Case Comment: $100,000 Fine Plus Surcharge for Criminal Negligence Causing Death in R. v. Stave Lake Quarries Inc.

November 3, 2016

On October 27, 2016, a judge of the B.C. Provincial Court sentenced Stave Lake Quarries Inc. (“SLQ“) to a $100,000 fine plus victim surcharge for the death of an employee at its work site in 2007.  This is the third case in Canada in which an employer charged with criminal negligence causing death has pled guilty for the collective acts and omissions of its representatives and senior officers under the Bill C-45 “Westray Amendments” to the Criminal Code.  The case is also notable because the court was asked to consider the new public interest test devised by the Supreme Court of Canada on October 21, 2016 in R. v. Anthony‑Cook (2016 SCC 43 (CanLII)), and decided not to depart from the joint submissions on sentencing.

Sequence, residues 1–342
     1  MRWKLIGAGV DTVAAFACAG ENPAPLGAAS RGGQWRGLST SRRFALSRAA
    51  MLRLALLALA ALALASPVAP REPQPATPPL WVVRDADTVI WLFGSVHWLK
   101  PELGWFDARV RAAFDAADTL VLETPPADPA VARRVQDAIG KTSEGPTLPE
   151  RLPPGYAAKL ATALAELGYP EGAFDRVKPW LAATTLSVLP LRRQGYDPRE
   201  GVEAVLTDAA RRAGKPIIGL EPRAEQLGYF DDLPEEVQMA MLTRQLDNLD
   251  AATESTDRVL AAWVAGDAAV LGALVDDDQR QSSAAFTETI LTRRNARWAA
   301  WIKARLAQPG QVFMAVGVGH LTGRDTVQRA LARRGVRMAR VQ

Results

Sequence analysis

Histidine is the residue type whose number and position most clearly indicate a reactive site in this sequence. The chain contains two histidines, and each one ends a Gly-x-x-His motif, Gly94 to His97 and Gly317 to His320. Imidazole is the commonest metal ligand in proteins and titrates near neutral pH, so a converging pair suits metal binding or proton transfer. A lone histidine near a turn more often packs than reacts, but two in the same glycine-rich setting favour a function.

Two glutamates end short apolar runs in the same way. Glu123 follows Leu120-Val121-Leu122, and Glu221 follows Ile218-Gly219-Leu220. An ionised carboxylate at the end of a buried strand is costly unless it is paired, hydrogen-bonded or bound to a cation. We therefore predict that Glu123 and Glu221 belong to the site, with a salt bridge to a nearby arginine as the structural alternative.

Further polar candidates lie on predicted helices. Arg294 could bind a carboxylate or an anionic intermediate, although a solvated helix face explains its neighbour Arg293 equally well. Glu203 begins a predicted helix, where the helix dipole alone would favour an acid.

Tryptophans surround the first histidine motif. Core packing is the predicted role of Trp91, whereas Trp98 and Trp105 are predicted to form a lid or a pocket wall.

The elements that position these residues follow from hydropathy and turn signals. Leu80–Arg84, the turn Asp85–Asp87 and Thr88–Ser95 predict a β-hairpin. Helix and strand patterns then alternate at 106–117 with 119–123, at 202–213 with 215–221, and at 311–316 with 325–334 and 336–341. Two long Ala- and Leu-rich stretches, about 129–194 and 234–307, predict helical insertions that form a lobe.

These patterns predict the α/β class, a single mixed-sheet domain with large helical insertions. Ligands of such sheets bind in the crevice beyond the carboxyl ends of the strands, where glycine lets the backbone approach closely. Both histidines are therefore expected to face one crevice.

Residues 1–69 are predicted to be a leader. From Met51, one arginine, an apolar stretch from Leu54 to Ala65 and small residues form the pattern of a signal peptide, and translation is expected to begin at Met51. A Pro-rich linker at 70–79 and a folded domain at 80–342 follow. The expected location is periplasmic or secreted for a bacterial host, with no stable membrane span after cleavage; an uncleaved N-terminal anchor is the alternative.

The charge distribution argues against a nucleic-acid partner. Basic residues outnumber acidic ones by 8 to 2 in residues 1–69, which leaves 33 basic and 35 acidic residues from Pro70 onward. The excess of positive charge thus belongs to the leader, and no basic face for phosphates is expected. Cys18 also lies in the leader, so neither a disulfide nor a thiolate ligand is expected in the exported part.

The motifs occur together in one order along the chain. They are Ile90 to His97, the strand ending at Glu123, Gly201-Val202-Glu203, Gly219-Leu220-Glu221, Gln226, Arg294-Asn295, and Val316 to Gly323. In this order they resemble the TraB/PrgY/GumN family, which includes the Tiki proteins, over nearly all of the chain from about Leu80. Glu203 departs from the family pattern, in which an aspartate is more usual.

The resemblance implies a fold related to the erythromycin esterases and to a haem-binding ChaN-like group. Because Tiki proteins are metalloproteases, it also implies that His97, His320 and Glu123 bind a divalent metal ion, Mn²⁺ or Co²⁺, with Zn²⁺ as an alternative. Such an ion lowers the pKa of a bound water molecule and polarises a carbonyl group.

In R. v. Stave Lake Quarries Inc., SLQ’s representatives and senior officers collectively hired a young worker informally without determining if she was qualified for the job, failed to have a system in place to ensure she was properly hired and trained, failed to train her or test her knowledge before putting her to work, and failed to adequately supervise her.  On her second day of the job, the deceased worker was instructed to operate a rock hauler but was not adequately trained in shutting down the hauler. When operations ceased, she parked the hauler at the top of a grade, applied the air brakes, and shut down the engine. She did not apply the parking brake or use wheel chocks, and the other workers and supervisor at the site did not check to see if the hauler had been properly secured.  The pressure in the air brakes eventually bled down and the hauler began to roll.  The deceased attempted to regain control of the hauler as it moved but the hauler rolled over and crushed her.